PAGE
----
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Water Labels And What They Mean
by Chris Malone,posted Jan 14 2013 5:05AM
Over the weekend I did what I do most Saturdays and went grocery shopping. Nothing spectacular at all but I've always wondered about the different type of bottled water. Spring? Distilled? Drinking? Purified? It all looks like water to me and I've often wondered what the difference between the bottles mean. After a quick search online I think I've found the differences:
Drinking water — Drinking water is just that: water that is intended for drinking. It is safe for human consumption and comes from a municipal source. There are no added ingredients besides what is considered usual and safe for any tap water, such as fluoride. (Incidentally, my tap water in New Jersey didn’t even contain fluoride — a necessary mineral for a child’s growing teeth and gums. We had to give our kids fluoride supplements.)
Distilled water — Distilled water is a type of purified water. It’s water that has gone through a rigorous filtration process to strip it not only of contaminants, but any natural minerals as well. This water is best for use in small appliances — like hot water urns, or steam irons, because if you use it, you won’t have that mineral buildup that you often get when you use tap water. Though it may seem counterintuitive, this water is not necessarily the best for human consumption, since all of the water’s natural, and often beneficial, minerals are absent.
Purified water — Purified water is water that comes from any source, but has been purified to remove any chemicals or contaminants. Types of purification include distillation, deionization, reverse osmosis, and carbon filtration. Like distilled water, it has its advantages and disadvantages, the advantages being that potentially harmful chemicals may be taken out and the disadvantage being that beneficial minerals may be taken out as well.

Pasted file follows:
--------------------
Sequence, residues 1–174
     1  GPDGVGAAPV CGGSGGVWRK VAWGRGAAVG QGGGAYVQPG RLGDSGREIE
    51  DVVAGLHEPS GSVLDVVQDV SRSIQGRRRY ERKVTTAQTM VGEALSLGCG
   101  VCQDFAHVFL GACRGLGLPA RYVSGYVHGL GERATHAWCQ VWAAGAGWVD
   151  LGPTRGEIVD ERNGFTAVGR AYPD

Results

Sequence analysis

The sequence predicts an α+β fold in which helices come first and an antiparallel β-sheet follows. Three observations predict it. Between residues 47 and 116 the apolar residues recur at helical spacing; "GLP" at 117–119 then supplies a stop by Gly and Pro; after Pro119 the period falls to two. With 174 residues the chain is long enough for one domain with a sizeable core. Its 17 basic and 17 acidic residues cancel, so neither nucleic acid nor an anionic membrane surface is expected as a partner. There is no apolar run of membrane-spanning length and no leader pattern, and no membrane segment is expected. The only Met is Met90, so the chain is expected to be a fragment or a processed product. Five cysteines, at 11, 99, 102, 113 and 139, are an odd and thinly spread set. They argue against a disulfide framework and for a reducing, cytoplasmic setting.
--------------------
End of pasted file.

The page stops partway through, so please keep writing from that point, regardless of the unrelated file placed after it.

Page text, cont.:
Spring water — This is what you often find in bottled water. It’s from an underground source and may or may not have been treated and purified. Though spring water sounds more appealing, it’s not necessarily the best water for drinking if you have other options. Studies done by the NRDC (Natural Resources Defense Council) have found contaminants in bottled water such as coliform, arsenic and phthalates. Much of bottled water is labeled as spring water, when in fact it is coming from a municipal source and is nothing more than glorified tap water. This topic has been a popular one in recent years, sparking much controversy.